Crossings photo

This file photo gives an aerial view of the proposed site of The Crossings at Conestoga Creek on Harrisburg Pike, across from Long's Park.


Manheim Township officials are busy looking at two large developments — commissioners last Monday approved a preliminary subdivision plan for Belmont, a mixed-use development across from the Red Rose Commons Shopping Center along Fruitville Pike and township planners heard concerns from the public and delayed action on a larger hotel-retail-housing project along Harrisburg Pike across from Long’s Park. Meanwhile the Lancaster County Planning Commission is working on a plan for accommodating growth over the next 25 years.

Two items in Friday’s edition of LNP might have seemed ironic. On the front page was a story about the proposed Belmont project in Manheim Township moving forward. And on Page A3 was a story about an upcoming forum on sprawl sponsored by the Hourglass Foundation.

Lancaster County is expected to add 122,370 more people — about twice the population of Lancaster city — by 2040, according to the Pennsylvania State Data Center.

The county is growing fast enough now to attract retailers — with Whole Foods planning to locate at the Shoppes at Belmont and a popular retail anchor that H. Stephen Evans, of High Associates Ltd., said will thrill the public expected in the Crossings at Conestoga Creek, the $100 million project proposed for across from Long’s Park.  The Crossings is expected to include stores, restaurants, apartments and a hotel.

While nearby residents have expressed concern about the Belmont and Crossings projects jamming traffic and adding to sprawl, Manheim Township is within the county’s urban growth area.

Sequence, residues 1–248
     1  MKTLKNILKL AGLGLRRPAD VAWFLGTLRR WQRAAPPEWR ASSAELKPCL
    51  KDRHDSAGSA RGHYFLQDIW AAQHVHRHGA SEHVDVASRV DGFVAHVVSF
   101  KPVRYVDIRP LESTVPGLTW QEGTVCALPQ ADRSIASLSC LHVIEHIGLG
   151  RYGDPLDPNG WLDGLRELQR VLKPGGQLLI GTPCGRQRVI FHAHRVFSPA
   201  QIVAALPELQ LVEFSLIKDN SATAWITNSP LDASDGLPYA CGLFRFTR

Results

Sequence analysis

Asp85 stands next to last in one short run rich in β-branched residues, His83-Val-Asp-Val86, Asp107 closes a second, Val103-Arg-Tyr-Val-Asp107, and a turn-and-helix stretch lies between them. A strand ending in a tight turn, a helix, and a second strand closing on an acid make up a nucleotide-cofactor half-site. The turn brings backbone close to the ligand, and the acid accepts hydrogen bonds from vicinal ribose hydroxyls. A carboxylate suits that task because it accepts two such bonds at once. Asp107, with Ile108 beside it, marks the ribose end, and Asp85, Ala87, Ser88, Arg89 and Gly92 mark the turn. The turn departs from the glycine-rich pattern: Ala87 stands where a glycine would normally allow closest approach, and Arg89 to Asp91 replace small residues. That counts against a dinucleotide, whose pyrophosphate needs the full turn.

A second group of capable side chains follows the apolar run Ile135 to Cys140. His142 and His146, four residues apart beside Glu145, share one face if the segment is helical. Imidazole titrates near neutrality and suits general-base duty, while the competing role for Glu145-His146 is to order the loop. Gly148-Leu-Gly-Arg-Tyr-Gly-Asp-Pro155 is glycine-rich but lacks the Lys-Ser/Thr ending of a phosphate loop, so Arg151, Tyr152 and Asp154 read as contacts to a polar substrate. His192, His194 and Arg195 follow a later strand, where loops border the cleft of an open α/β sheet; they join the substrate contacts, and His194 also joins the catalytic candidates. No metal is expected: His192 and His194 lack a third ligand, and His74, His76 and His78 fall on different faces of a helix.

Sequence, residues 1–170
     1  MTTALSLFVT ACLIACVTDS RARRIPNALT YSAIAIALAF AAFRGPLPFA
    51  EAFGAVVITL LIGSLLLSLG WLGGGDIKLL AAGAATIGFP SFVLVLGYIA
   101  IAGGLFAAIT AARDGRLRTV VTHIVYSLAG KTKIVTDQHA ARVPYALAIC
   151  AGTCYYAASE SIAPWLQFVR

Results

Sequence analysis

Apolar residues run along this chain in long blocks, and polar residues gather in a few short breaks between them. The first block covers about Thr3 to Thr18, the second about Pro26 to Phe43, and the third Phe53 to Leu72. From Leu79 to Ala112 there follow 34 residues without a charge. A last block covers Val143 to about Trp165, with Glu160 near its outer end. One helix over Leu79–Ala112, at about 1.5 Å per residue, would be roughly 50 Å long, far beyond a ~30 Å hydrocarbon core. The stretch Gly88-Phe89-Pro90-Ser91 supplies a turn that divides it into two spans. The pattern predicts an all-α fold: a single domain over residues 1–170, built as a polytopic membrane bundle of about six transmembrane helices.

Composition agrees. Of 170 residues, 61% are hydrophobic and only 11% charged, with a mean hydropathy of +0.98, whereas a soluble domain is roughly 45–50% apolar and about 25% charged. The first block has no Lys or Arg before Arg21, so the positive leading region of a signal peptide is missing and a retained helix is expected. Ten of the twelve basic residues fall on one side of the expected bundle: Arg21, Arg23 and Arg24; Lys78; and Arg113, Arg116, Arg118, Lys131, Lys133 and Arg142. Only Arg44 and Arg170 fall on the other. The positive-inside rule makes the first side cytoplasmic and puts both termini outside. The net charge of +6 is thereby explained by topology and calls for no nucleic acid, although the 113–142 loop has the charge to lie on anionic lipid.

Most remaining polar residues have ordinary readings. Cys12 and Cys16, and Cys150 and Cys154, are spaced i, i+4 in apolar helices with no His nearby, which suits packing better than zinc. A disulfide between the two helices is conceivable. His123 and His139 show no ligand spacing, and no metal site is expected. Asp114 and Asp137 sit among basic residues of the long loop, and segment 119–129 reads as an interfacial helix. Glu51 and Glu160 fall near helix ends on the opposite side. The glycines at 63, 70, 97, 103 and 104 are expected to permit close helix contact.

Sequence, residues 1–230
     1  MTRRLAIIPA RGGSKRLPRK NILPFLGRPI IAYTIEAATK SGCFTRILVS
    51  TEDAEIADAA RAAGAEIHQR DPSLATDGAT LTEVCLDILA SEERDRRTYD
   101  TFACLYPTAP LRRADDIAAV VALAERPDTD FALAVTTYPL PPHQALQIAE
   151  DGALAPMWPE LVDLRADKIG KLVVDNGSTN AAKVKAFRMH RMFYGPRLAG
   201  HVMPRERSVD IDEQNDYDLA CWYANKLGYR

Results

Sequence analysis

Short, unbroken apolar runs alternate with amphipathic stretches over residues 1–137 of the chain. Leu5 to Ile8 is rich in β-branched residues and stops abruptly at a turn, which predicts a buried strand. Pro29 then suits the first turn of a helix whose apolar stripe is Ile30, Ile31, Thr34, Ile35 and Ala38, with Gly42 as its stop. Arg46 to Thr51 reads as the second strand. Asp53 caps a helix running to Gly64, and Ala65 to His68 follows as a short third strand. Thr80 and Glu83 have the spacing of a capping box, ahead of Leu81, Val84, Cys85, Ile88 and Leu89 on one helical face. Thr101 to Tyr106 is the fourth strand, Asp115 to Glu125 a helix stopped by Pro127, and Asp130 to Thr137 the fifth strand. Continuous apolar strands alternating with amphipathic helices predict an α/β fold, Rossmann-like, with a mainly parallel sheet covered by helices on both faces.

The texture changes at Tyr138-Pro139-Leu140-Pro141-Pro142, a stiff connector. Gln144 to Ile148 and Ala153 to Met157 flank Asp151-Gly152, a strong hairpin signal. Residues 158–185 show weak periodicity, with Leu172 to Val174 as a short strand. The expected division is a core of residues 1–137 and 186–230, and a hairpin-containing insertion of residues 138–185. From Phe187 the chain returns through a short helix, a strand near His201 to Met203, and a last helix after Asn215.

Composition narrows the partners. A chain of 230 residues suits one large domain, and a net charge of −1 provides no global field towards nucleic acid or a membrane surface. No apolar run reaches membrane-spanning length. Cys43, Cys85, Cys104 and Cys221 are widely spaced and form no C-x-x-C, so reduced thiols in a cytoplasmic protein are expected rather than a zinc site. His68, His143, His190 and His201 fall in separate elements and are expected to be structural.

“This is where we want growth to happen,” according to James Cowhey, executive director of the Lancaster County Planning Commission.

Both projects are near major roads (including Route 30 in both cases), sewer systems and other infrastructure. Building in such places prevents growth from occurring in rural areas that can support agriculture and preserve farmland over the long term.

The other positive about both projects, according to Cowhey, is that both include a mix of housing — 74 townhouses and 13 single-family homes at Belmont and 258 apartments and a hotel with up to 135 rooms at the Crossings.

The county planning commission has not completed its review of the Crossings project, Cowhey said, but Manheim Township has rigorous traffic impact requirements, and the Pennsylvania Department of Transportation will be involved as well — meaning road improvements should be significant.

High Real Estate Group is expected to spend between $8 million and $9 million on road improvements near the Crossings project, including a widening of Harrisburg Pike, improved ramps for Route 30 and upgrades to Farmingdale Road, Good Drive and Oreville Road in East Hempfield Township.

The Lancaster County Planning Commission will launch a year of civic engagement as to how Lancaster County should grow into 2040 with a presentation on Wednesday, Nov. 4.

County planners want the new county comprehensive plan they unveil in early 2017 to belong to Lancaster County residents. Toward that end, they will seek your input through meetings across the county and via social media.

LNP plans to be part of the effort by reporting on the issues involved and bringing you information about the process and how to be part of it.

If the Belmont and Crossings developments are not your idea of progress, you should let the planning commission know that in the months ahead.

This is our county. We all should be part of deciding how it grows.